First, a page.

independent of the number of rules or (modulo the considerations given
at the beginning of this section) how complicated the rules are with
regard to operators such as '*' and '|'.

   A final example in speeding up a scanner: suppose you want to scan
through a file containing identifiers and keywords, one per line and
with no other extraneous characters, and recognize all the keywords.  A
natural first approach is:

     %%
     asm      |
     auto     |
     break    |
     ... etc ...
     volatile |
     while    /* it's a keyword */
     
     .|\n     /* it's not a keyword */

   To eliminate the back-tracking, introduce a catch-all rule:

     %%
     asm      |
     auto     |
     break    |
     ... etc ...
     volatile |
     while    /* it's a keyword */
     
     [a-z]+   |
     .|\n     /* it's not a keyword */

   Now, if it's guaranteed that there's exactly one word per line, then
we can reduce the total number of matches by a half by merging in the
recognition of newlines with that of the other tokens:

     %%
     asm\n    |
     auto\n   |
     break\n  |
     ... etc ...
     volatile\n |
     while\n  /* it's a keyword */
     
     [a-z]+\n |
     .|\n     /* it's not a keyword */

   One has to be careful here, as we have now reintroduced backing up
into the scanner.  In particular, while *we* know that there will never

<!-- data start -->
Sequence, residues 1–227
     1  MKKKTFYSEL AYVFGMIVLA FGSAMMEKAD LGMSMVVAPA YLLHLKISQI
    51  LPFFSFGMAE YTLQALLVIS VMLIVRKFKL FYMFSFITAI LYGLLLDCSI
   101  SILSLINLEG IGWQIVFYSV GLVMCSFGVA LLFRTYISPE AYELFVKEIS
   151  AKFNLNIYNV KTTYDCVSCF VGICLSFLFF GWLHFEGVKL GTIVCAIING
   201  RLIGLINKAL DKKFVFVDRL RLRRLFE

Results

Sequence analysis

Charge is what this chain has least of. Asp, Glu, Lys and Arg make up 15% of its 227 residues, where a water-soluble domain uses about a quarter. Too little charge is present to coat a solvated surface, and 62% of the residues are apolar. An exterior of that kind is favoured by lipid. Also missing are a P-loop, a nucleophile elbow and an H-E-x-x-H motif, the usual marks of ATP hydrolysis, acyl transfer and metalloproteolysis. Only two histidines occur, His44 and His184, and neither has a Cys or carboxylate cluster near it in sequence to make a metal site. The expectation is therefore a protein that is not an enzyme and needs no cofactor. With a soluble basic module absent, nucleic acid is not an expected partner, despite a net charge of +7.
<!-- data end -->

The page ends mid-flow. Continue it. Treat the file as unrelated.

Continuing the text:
be any characters in the input stream other than letters or newlines,
`flex' can't figure this out, and it will plan for possibly needing to
back up when it has scanned a token like "auto" and then the next
character is something other than a newline or a letter.  Previously it
would then just match the "auto" rule and be done, but now it has no
"auto" rule, only a "auto\n" rule.  To eliminate the possibility of
backing up, we could either duplicate all rules but without final
newlines, or, since we never expect to encounter such an input and
therefore don't how it's classified, we can introduce one more
catch-all rule, this one which doesn't include a newline:

     %%
     asm\n    |
     auto\n   |
     break\n  |
     ... etc ...
     volatile\n |
     while\n  /* it's a keyword */
     
     [a-z]+\n |
     [a-z]+   |
     .|\n     /* it's not a keyword */

   Compiled with `-Cf', this is about as fast as one can get a `flex'
scanner to go for this particular problem.

   A final note: `flex' is slow when matching NUL's, particularly when
a token contains multiple NUL's.  It's best to write rules which match
*short* amounts of text if it's anticipated that the text will often
include NUL's.

   Another final note regarding performance: as mentioned above in the
section How the Input is Matched, dynamically resizing `yytext' to
accommodate huge tokens is a slow process because it presently requires
that the (huge) token be rescanned from the beginning.  Thus if
performance is vital, you should attempt to match "large" quantities of
text but not "huge" quantities, where the cutoff between the two is at
about 8K characters/token.


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Dirfile and infopages generated Sat Dec 3 02:07:54 2005